Alternatives to an International Criminal Court

by Lisa Hajjar
published in MER207

A scene toward the end of the documentary film Calling the Ghosts shows two Muslim women from Bosnia, survivors of the Serbian concentration camp of Omarska, looking through a rack of postcards. They have come to The Hague to testify about their experiences at the war crimes tribunal for the former Yugoslavia. The voiceover is one of the women reading what they wrote to their former Serbian colleagues in the now Muslim-free city of Prijedor: “Greetings from The Hague. Hope to see you here soon.” Those two short sentences speak volumes about modern ethnic hatred, genocidal violence and war crimes such as rape and torture, as well as the survivor spirit and demands for justice.

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Constructing an International Criminal Court

by Joe Stork
published in MER207

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Of Principle and Peril

by The Editors | published March 22, 2011

Reasonable, principled people can disagree about whether, in an ideal world, Western military intervention in Libya’s internal war would be a moral imperative. With Saddam Hussein dead and gone, there is arguably no more capricious and overbearing dictator in the Arab world than Col. Muammar al-Qaddafi. The uprising of the Libyan people against him, beginning on February 17, was courageous beyond measure. It seems certain that, absent outside help, the subsequent armed insurrection would have been doomed to sputter amidst the colonel’s bloody reprisals.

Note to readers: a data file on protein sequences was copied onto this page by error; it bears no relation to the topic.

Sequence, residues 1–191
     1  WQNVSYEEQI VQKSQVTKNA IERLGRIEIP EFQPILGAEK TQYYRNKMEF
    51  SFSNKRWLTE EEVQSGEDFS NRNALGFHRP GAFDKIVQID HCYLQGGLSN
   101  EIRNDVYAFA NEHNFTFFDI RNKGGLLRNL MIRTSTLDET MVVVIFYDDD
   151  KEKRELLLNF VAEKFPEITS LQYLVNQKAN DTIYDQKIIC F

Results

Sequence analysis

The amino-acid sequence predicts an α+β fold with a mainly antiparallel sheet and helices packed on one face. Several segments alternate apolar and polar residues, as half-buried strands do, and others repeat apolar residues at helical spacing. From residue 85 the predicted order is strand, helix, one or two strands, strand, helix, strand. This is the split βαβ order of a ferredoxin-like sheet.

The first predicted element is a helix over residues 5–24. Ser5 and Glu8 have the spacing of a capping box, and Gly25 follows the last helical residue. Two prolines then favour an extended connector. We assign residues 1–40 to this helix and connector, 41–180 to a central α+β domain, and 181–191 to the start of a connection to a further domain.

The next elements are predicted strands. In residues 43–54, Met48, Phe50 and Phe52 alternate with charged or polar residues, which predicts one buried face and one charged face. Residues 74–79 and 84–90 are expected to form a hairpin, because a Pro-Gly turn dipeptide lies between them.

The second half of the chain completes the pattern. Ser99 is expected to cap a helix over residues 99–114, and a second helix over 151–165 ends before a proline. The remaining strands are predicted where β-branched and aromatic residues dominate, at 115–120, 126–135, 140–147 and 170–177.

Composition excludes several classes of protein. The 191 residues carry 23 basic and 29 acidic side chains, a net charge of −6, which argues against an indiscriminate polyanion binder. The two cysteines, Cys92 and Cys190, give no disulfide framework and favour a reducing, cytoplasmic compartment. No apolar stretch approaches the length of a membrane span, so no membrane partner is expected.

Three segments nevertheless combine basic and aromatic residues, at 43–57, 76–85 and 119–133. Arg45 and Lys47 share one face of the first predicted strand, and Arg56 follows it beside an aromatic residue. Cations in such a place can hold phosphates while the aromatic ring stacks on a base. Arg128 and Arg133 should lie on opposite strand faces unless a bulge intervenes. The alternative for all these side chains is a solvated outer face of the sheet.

Lebanon Against Itself (Again)

by Marc J. Sirois | published February 4, 2011

The year 2011 has brought Lebanon’s political tug of war into the streets again, with thousands of protesters burning tires and blocking roads over the apparent failure of their candidate to secure the office of prime minister. But months of hype to the contrary, this time the raucous demonstrations were not staged by Hizballah and its allies in the March 8 coalition so named after a day of protests in 2005 designed to “thank” Syria before its withdrawal of forces from Lebanon. Instead, the protests were mounted by the rival March 14 alliance, so named for the day of “Syria out!” rallies that followed less than a week later.

The Long, Steep Fall of the Lebanon Tribunal

by Heiko Wimmen | published December 1, 2010

After five long years, the Special Tribunal for Lebanon is expected to hand down its indictments at long last. By the end of 2010, or perhaps the beginning of 2011, the Tribunal will accuse a number of individuals of direct involvement in the murders of former Prime Minister Rafiq al-Hariri and several other prominent Lebanese political figures between 2005 and 2008. Officially, the investigators keep mum about the identity of their targets. Unofficially, a steady stream of “insider information” has converged into a kind of received wisdom: High-ranking members of the Shi‘i Islamist party Hizballah will be indicted for association with the engineering of the assassinations. The various actors in Lebanon now treat the “leaks” that formed this received wisdom as a set of established facts.

Interventions

Interventions is a feature in Middle East Report Online offering critical reviews of important Middle East-related books, films and other cultural production. Click here for past Interventions articles.